Generations of little girls grew up on Disney princesses, dressing as Ariel, Aurora, Belle and others, twirling around their home singing Part of Your World, Once Upon a Dream and Something There, and dreaming themselves into the cartoon role in real life. For Emma Watson, her childhood visions of herself as Belle in Beauty and the Beast are coming true with the Harry Potter- and Brown University-alum set to tame the beast and star in a live action Disney movie.
Watson admits that her six-year-old self would be thrilled and she is really excited. “(Beauty and the Beast) was such a big part of my growing up,” she acknowledged on her Facebook page.
Live action versions of fairy tales have been around for decades (e.g., Ever After), but in recent years Disney has dug deep in its vaults for “fresh” movie material sure to appeal to females. The results have been highly successful with early entries like Tim Burton’s Alice in Wonderland, the recent Maleficent, and the soon to open Cinderella. Furthermore, the Broadway production of Beauty and the Beast is one of the all-time most successful musicals. So, it is only natural for the studio to add Beauty and the Beast to its profitable pantheon of pictures.
Casting Watson is typecasting, but it is also inspiring and intriguing choice, and will undoubtedly be a positive inspiration to little girls everywhere. “The brainy beauty” is a description that works for the actress, Belle and, come to think of it, Hermione Granger (once she straightened her hair). The 24-year-old actress has long been a fan of the 1991 film, which grossed $424 million worldwide.
In 2011, Watson was quoted in an interview as saying “I feel like young girls are told they have to be this kind of princess and be all this sweet stuff.” After calling it “Bulls**t,” she added, “I identify with more of being a warrior princess, so if I had to be a princess, I’d have to kick some ass first.” She has taken that message to heart in establishing a public persona outside of Hogwarts.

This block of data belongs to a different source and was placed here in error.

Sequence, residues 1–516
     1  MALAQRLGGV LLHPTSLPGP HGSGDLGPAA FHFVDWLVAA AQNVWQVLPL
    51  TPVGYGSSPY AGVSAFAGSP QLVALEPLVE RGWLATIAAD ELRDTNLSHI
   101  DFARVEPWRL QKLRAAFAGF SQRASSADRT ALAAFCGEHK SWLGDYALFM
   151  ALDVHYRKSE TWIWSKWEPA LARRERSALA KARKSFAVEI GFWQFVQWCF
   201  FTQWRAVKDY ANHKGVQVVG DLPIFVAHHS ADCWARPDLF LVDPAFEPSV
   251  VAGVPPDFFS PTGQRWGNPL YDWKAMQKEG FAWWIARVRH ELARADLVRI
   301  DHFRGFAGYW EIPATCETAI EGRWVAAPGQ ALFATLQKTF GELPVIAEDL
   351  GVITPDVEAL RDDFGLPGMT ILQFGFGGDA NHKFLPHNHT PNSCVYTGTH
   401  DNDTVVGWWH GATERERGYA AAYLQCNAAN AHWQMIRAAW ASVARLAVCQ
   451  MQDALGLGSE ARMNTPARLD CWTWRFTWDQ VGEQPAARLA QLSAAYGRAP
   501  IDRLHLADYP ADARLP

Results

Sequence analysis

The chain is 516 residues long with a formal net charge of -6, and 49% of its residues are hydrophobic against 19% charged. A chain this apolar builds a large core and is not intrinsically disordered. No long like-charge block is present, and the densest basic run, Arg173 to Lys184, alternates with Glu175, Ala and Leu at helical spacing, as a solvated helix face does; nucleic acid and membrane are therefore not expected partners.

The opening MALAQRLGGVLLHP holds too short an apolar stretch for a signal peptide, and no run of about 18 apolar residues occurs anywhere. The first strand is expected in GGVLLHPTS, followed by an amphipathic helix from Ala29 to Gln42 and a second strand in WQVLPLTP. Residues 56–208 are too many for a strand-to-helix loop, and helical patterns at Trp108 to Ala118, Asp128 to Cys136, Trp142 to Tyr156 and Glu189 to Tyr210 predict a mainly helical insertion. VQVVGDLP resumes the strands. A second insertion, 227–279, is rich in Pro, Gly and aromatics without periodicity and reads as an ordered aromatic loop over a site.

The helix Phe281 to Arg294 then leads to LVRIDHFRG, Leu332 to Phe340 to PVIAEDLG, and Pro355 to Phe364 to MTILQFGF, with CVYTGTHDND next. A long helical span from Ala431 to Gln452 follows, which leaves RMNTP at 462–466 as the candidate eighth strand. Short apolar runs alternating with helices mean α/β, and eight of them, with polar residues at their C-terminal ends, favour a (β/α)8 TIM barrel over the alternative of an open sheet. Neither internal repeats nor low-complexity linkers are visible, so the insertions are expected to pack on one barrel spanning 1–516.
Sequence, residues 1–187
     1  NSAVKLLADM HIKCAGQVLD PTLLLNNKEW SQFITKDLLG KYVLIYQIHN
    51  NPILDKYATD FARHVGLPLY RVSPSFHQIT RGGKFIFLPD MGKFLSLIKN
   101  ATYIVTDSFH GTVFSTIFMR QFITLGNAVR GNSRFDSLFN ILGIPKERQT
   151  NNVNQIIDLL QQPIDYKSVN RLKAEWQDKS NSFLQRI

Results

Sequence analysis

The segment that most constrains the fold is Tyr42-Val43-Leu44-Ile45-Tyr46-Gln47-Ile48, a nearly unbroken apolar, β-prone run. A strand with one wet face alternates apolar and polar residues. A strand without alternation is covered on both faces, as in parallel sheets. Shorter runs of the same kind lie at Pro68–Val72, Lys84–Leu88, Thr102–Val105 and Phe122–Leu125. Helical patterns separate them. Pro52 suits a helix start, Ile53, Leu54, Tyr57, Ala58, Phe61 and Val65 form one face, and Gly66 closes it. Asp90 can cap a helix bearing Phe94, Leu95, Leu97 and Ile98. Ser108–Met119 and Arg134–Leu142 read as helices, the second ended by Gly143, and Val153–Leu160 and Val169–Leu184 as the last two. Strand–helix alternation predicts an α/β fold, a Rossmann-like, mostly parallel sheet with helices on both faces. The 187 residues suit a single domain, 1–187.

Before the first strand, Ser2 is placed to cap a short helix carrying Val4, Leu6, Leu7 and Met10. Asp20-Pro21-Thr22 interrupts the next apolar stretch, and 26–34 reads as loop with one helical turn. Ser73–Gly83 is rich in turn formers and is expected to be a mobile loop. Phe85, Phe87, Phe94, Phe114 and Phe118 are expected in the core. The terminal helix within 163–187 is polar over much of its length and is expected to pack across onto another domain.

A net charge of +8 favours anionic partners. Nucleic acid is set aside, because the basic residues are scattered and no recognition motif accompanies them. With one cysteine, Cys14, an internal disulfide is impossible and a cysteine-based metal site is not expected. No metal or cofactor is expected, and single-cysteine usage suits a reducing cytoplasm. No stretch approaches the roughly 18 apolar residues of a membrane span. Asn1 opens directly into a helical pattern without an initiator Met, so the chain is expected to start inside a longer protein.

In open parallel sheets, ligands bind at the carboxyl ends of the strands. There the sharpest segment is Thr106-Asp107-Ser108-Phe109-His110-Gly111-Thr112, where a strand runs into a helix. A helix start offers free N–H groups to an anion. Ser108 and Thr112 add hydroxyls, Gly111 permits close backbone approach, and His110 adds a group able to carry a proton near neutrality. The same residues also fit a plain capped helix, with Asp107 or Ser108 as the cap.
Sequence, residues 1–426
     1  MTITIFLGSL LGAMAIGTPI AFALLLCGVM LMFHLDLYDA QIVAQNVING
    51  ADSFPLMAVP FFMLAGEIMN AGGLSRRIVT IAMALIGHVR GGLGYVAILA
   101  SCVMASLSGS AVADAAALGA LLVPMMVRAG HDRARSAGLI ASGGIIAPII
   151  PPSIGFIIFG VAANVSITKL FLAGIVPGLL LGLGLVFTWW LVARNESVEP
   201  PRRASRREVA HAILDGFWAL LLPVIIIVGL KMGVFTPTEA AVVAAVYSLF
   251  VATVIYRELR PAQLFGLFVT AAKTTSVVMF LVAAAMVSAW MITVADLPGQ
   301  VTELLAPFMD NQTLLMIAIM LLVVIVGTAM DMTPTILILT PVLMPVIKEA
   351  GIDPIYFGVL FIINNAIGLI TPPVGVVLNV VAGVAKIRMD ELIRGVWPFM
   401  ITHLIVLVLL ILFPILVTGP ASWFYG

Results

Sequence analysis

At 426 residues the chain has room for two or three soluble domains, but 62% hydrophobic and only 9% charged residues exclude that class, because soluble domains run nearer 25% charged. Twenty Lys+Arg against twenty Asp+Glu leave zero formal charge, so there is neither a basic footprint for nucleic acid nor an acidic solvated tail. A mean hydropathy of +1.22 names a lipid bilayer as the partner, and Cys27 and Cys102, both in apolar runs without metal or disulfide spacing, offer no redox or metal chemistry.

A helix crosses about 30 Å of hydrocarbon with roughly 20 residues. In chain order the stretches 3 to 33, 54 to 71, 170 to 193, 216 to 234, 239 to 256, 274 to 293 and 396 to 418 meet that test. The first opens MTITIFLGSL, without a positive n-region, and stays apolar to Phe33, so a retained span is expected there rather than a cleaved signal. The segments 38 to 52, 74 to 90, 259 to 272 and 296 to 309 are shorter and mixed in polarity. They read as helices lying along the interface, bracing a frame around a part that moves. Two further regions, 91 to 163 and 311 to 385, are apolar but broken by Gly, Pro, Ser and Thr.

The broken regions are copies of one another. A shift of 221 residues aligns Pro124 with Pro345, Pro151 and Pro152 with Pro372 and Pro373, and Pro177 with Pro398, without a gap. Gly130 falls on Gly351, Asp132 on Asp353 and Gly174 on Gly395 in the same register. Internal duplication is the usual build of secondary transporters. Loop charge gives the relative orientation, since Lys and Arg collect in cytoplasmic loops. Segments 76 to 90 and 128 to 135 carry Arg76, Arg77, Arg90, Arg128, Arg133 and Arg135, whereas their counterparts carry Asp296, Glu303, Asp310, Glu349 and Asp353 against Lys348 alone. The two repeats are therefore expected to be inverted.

In the past year, Watson has been widely praised for her appearances and highly articulate speeches as a United Nations Goodwill Ambassador and speaking out at the UN, Davos and other places on women’s rights. The irony on her pushes for men to be supportive of women (the He For She campaign) is imagining her interaction with the boorish Gaston. Imagine her reaction when Gaston says ““It’s not right for a woman to read. Soon she starts getting ideas, and thinking…” There will no acting involved when she shuts him down. Watson has been quoted as saying, “The saddest thing for a girl to do is to dumb herself down for a guy,” but the line could easily have come from Belle.
Since the Harry Pollter pictures wrapped, she has been showing range in a diverse selection of films. These have included total departures as the slutty Sam in The Perks of Being a Wallflower, larcenous Nicki in The Bling Ring, Ila in the big budget Noah, and more. It will probably be a year before Emma Watson appears on the big screen as beauty and tries to tame Gaston and the beast, but fans and little girls cannot wait.
By Dyanne Weiss